Why $\int^{+\infty}_{-\infty} x \, dx \neq 0$

We are going over improper integrals and tests for convergence in my Calc II course. During a lecture, my professor warned us to take caution when taking integrals from negative infinity to infinity.

His specific example was: $$\int^{+\infty}_{-\infty} x \, dx$$

I understand that the function is definitely not convergent, but my current intuition would be that the integral from $-\infty \rightarrow 0$ would be equal to $-\infty$, and likewise the part from $0 \rightarrow \infty$ would be $+\infty$, so one could think that the negative and positive parts would cancel out, rendering the integral to equal $0$.

But, the prof made it very clear that this is not the case, and that we will learn how to deal with "nasty" integrals like this in future courses on real analysis. I have been trying to find a fairly simple explanation that a first year undergrad like myself would actually understand, but no luck this far.

I still kind of do not accept this as being not equal to zero, as both of the parts grow as $O(x^{-1})$, so I can't understand why they do not cancel out.

Any insight on this would be appreciated.

NB: I understand that if one blindly follows the rule that both must converge for the overall integral to converge. But, I am the kind of person that always wonders why something is.

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Read something about principal value: en.wikipedia.org/wiki/Cauchy_principal_value – Poppy Jan 13 '14 at 23:43
The fundamental error is assuming that you can cancel two limiting procedures that aren't forced to proceed at the same rate or otherwise linked together; while we could replace the upper limit with $b$ and add $\lim b\to\infty$, we could just as well replace it with $2b$. It only could make sense for the limit to exist if any such valid replacement gives the same result. – Eugene Shvarts Jan 13 '14 at 23:47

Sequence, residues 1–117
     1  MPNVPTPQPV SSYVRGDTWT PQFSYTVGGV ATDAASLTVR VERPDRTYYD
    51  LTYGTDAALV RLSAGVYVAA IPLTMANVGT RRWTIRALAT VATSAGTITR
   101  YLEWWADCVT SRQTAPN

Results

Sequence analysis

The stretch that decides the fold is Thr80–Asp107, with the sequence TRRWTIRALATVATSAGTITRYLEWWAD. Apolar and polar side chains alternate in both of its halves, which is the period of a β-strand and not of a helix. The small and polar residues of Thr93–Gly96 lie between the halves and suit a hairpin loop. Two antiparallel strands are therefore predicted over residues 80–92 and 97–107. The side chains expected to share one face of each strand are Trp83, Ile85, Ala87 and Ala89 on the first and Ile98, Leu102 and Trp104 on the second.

This is a good question. My answers differ from the other answers because this deals very closely with convergence issues from higher mathematics.

It boils down to what it means for an improper integral to converge, in a sense. It is (almost always) the case that we say

$$\int_{-\infty}^\infty f(x) \mathrm{d}x$$

converges iff

$$\lim_{a \to -\infty}\lim_{b \to \infty}\int_a^bf(x)\mathrm{d}x$$

converges, which is what Frank Lu says in his answer. You seem to want it to be defined as $$\lim_{a \to \infty}\int_{-a}^a f(x)\mathrm{d}x,$$

which happens to converge in the Cauchy Principal Value sense (in fact, that is the Cauchy Principal Value of this integral). Cauchy Principal Values are common in higher math, especially in complex analysis and residue calculus..

You might ask Why don't we define improper integration to align with Cauchy Principal Values? That is also a good question, and I think it depends on what you one wants from their integrals. A big problem with Cauchy Principal Values is that they are very dependent on coordinates. If you "shifted the center" to be $1$ instead of $0$, you would get a different answer for the integral (it would diverge), i.e.